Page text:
Molly Munger is 100 percent right when she calls out Gov. Jerry Brown for his dishonesty in selling his tax-hike ballot initiative as a measure that is 100 percent about schools. Brown’s measure is really about figuring out ways to raise money to reduce the budget deficit and to fund his peculiar effort to give more responsibility to local governments.
(This is peculiar because it “empowers” local governments by providing them a constitutional guarantee of state tax money – which makes sense if you believe that a parent empowers adult children by setting up a trust fund to take care of their expenses).
Of course, Munger is throwing these grenades from insider her own glass house. Her initiative’s first ad, and the campaign web site, also make misleading claims about the measure guaranteeing specific amounts of money for the state’s many schools. You can go on-line and look up how much your own children’s schools will get.
Now, I recently suggested at NBC’s Prop Zero that I didn’t believe these specific monetary guarantees — because no one knows the future, because the amount raised by an increase in income tax rates is nearly impossible to predict, and because the complicated budget system could end up undermining some of the revenue gains the Munger measure seeks.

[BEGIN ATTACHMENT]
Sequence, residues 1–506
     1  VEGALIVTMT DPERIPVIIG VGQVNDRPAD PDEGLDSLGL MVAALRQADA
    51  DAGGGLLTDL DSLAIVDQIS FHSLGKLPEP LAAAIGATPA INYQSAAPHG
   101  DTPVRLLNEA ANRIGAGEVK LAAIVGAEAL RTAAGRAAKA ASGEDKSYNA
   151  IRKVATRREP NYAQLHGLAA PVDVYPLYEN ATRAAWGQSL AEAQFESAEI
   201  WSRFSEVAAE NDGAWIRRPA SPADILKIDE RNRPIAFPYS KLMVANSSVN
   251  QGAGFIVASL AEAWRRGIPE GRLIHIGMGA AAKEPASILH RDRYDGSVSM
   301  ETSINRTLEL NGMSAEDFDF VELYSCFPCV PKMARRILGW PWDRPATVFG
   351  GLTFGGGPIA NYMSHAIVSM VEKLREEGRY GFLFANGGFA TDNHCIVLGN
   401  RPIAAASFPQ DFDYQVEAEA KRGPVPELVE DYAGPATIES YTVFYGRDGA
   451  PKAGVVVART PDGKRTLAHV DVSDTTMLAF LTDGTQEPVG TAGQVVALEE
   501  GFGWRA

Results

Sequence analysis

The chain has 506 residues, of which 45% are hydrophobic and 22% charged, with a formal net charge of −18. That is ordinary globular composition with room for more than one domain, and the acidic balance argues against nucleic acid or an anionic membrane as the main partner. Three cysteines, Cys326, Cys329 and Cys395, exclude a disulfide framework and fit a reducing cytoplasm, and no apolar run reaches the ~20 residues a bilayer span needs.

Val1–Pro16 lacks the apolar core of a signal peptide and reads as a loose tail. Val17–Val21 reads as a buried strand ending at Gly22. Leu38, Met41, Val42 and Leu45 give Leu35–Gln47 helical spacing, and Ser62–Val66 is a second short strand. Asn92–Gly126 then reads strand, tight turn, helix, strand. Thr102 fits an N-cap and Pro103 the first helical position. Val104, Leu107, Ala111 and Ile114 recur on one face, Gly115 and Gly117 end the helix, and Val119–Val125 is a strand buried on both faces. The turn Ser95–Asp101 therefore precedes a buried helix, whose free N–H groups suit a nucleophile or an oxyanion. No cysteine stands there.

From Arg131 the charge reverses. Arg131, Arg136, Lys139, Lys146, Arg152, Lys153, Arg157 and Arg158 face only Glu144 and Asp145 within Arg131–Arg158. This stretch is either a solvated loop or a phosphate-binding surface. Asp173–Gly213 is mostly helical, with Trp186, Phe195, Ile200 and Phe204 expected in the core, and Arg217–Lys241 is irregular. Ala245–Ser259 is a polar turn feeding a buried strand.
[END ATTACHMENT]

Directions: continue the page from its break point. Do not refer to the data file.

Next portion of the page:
My incredulity was met with considerable pushback from backers of Munger’s initiative, who say the money is on the way.
Let’s hope they’re right. But perhaps because I’m just old enough to know only declines in California’s spending on schools relative to other states, I’d suggest that Munger, the state PTA and the initiative’s backers put their money where their mouth is.
That’s right, a bet.
If they are so certain, guarantee the money upfront.
Munger, her father, and her father’s business partner Warren Buffett have more than enough money to cover the promised increase in funds going directly to schools from this initiative.
So guarantee us our kids’ schools the money now – in a legal contract please.
This would be a personal Buffett-Munger bond of sorts. The money that comes in from increased income taxes would pay back the money. As a sweetener, I say: you get to keep the additional money if it comes over your guarantees. Any shortfall would be a donation to the children of California from Buffett and Munger.
With this sort of guarantee, backers of the initiatives could make claims about specific money to specific schools to their hearts’ content.
Do we have a deal?